Are you regularly strength training but not seeing the results you're after? Step it up a notch (and save time) by incorporating these techniques when you hit the weight room.
- Explore all equipment: To effectively sculpt muscles, you need to work them in different ways. If you're married to dumbbells and avoid the machines because you're not sure which one strengthens your butt or your biceps, your muscles will quickly learn how to handle the tasks at hand and will hit a plateau. Don't be shy: ask one of the gym employees to give you a quick tutorial. If you're looking for a more thorough explanation of what kinds of exercises you can do using new equipment such as kettlebells, yoga balls, or medicine balls, hire a personal trainer. A trainer can assist in helping you reach specific goals — like looking great in that strapless dress! When incorporating different types of equipment, you'll quickly notice it in your strength, your clothes, and in the mirror.
- Go stronger: Increase the amount of weight you're lifting so you can do less reps and fatigue your muscles faster. Grab three different-sized dumbbells before you begin your routine and use heavier weights for stronger muscles. In general, you know you're lifting the right-sized weight when muscles fatigue after 8-12 reps.
Keep reading for more ways to maximize your time in the weight room.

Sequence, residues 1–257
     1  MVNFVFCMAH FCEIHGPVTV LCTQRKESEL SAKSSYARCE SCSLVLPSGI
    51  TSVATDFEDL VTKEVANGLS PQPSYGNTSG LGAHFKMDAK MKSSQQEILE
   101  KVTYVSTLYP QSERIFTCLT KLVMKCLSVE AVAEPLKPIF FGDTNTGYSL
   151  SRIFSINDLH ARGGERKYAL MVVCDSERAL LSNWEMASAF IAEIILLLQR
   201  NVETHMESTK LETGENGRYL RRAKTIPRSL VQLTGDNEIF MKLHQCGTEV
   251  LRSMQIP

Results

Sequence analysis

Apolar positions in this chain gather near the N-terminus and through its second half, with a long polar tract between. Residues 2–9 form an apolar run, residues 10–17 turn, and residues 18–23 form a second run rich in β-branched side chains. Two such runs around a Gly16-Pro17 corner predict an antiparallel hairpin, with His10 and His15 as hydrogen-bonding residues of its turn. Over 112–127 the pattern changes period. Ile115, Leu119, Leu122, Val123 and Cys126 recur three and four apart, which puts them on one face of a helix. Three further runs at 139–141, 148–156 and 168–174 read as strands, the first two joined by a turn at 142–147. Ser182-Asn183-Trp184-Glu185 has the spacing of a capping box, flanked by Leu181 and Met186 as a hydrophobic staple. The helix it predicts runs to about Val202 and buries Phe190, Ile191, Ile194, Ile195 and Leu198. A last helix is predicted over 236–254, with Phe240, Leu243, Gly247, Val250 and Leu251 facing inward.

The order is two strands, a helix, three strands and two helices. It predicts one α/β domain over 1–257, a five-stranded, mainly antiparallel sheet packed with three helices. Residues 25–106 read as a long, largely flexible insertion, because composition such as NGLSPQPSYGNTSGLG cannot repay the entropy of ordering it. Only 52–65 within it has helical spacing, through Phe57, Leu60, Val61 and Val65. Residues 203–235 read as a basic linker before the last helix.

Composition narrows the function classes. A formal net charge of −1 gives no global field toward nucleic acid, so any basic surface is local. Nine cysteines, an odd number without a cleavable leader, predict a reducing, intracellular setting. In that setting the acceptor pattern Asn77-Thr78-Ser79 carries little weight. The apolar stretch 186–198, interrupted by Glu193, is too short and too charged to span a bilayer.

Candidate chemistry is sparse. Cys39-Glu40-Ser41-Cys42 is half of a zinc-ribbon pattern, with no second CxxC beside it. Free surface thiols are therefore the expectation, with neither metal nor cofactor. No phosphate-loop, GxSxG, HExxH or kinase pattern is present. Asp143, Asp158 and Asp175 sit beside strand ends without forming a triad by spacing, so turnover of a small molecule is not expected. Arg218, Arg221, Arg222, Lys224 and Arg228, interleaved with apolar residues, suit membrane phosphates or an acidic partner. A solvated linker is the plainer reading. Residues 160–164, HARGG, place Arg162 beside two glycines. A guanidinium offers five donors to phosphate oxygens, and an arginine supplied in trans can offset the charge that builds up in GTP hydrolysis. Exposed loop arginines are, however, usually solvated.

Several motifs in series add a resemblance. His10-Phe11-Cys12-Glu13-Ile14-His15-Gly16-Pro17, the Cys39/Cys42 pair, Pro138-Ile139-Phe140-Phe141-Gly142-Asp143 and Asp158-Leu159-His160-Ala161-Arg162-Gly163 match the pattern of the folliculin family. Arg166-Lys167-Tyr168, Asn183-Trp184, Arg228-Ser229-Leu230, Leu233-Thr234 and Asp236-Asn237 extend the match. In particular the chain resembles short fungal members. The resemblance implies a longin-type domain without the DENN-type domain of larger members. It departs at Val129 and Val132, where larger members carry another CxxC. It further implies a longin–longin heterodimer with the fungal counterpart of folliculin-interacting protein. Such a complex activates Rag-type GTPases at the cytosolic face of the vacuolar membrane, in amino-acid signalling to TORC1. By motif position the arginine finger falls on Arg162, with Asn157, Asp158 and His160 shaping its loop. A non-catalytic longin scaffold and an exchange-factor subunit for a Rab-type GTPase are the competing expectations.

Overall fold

- Go longer: When it comes to strength training moves that use your own body weight (think push-ups, squats, and lunges), repeating each exercise for the same number of reps day in and day out is a bad habit. Although it makes your life easier counting to 20 lunges or triceps dips every time you work out, there's no one-size fits all approach to the number of reps you should do. What's more important is stopping after your muscles fatigue — whatever number that is. As you progress and become stronger, you'll find your muscles can handle more reps, or even an extra set, so go ahead and push yourself to do a few extra squats — your bikini bottoms will thank you. Also remember to mix up the order of your exercises and don't rush through reps since using momentum means you're not using your muscles.
- Rest later: Keep your muscles engaged by moving from one exercise right into the other, skipping the short rest period in between. You'll have time to rest at the end of your session.
- Work more than one muscle: Crunches are an effective move for your abs, and push-ups work your upper body, so why not save time by doing plank to work both areas simultaneously? Doing moves that work two or more muscle groups at a time means you can leave the gym a little early.
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